Wave of HDR announcements promises to heat up moribund 4K market in U.S.

While deployment of 4K/Ultra High-Definition services by pay-TV operators has remained stalled at the starting gate for pay-TV operators in the U.S., a wave of products and services centered out the complimentary High Dynamic Range (HDR) tech is promising to kickstart the market.

Notably, insiders at Comcast (NASDAQ: CMCSA) say the company is rushing to deploy its Xi6 set-top — capable of both HDR and 4K display — in time for the Summer Olympic Games in July. Comcast reps would not confirm this information, which belies a current play to deploy the Xi5 (capable of only HDR and not 4K) this summer, with the Xi6 debuting later on this year.

Comcast executives view HDR as the technology that turns 4K into a service that will be handled by cable installers on a far more ubiquitous level.

"If you've seen side-by-side comparisons of current-market [4K] TVs and next-generation TVs [with HDR], you can see the difference," said Scott Boyarsky, Comcast's VP of product development and planning, speaking on a CES panel earlier this month. "There really hasn't been a compelling reason to take a 60-inch HD TV that's hanging on the wall and replace it with a 4K set."

Other operators are setting HDR deployments, as well, with the technology also native to Dish Network's (NASDAQ: DISH) new 4K-capable third-generation Hopper DVR.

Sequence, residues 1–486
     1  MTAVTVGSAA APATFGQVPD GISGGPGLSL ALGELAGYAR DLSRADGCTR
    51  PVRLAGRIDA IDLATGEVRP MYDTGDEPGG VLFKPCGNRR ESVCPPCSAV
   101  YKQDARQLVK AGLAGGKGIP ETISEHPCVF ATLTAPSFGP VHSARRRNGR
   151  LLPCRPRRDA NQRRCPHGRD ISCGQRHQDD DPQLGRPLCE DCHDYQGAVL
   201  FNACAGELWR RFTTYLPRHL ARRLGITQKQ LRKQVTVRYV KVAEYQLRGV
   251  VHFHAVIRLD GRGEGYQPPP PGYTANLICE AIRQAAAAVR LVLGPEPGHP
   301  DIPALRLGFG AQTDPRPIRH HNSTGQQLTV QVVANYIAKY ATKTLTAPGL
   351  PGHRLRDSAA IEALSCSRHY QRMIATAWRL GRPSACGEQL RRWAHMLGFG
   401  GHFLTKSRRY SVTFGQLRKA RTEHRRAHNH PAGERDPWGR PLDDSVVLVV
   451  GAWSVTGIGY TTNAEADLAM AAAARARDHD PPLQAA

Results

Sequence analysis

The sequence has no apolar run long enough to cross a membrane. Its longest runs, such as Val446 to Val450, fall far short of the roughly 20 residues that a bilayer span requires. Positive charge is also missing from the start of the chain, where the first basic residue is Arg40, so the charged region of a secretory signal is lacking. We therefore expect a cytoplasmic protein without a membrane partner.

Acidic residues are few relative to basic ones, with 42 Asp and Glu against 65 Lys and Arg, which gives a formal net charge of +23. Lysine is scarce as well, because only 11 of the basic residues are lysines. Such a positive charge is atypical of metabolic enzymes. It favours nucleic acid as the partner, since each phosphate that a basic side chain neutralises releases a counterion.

Announcements by pay-TV operators come as virtually ever major consumer electronics brand is introducing HDR in their display products.

Among a flurry of HDR-related announcements made at the Consumer Electronics Show in Las Vegas earlier this month, Sony introduced a new line of XBR series 4K TVs, for example, including HDR compatibility with new backlighting tech.

Samsung, LG and Panasonic also debuted HDR-capable 4K sets.

Comcast and DirecTV introduced limited 4K services a year ago, both based on apps made for newer model Samsung televisions and limited amounts of downloadable 4K movie titles. Since that small flurry of announcements, however, little movement in the U.S. pay-TV market has been made.

Consumers see a difference, Boyarsky added, when they "walk into Best Buy and see a sign that says not just more pixels, but more range, more depth."

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